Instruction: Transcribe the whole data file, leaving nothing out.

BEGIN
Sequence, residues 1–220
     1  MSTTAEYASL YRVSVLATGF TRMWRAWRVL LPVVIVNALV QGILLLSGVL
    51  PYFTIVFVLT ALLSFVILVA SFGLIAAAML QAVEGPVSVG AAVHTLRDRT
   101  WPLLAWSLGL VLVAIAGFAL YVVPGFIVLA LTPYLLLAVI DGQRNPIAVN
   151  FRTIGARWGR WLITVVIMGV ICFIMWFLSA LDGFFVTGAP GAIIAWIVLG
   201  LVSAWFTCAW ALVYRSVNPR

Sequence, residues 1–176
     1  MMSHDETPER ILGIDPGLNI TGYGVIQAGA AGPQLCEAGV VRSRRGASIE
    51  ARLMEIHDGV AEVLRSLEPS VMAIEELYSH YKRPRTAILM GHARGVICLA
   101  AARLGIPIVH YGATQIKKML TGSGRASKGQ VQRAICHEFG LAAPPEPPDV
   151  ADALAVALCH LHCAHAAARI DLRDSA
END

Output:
Sequence, residues 1–220
     1  MSTTAEYASL YRVSVLATGF TRMWRAWRVL LPVVIVNALV QGILLLSGVL
    51  PYFTIVFVLT ALLSFVILVA SFGLIAAAML QAVEGPVSVG AAVHTLRDRT
   101  WPLLAWSLGL VLVAIAGFAL YVVPGFIVLA LTPYLLLAVI DGQRNPIAVN
   151  FRTIGARWGR WLITVVIMGV ICFIMWFLSA LDGFFVTGAP GAIIAWIVLG
   201  LVSAWFTCAW ALVYRSVNPR

Sequence, residues 1–176
     1  MMSHDETPER ILGIDPGLNI TGYGVIQAGA AGPQLCEAGV VRSRRGASIE
    51  ARLMEIHDGV AEVLRSLEPS VMAIEELYSH YKRPRTAILM GHARGVICLA
   101  AARLGIPIVH YGATQIKKML TGSGRASKGQ VQRAICHEFG LAAPPEPPDV
   151  ADALAVALCH LHCAHAAARI DLRDSA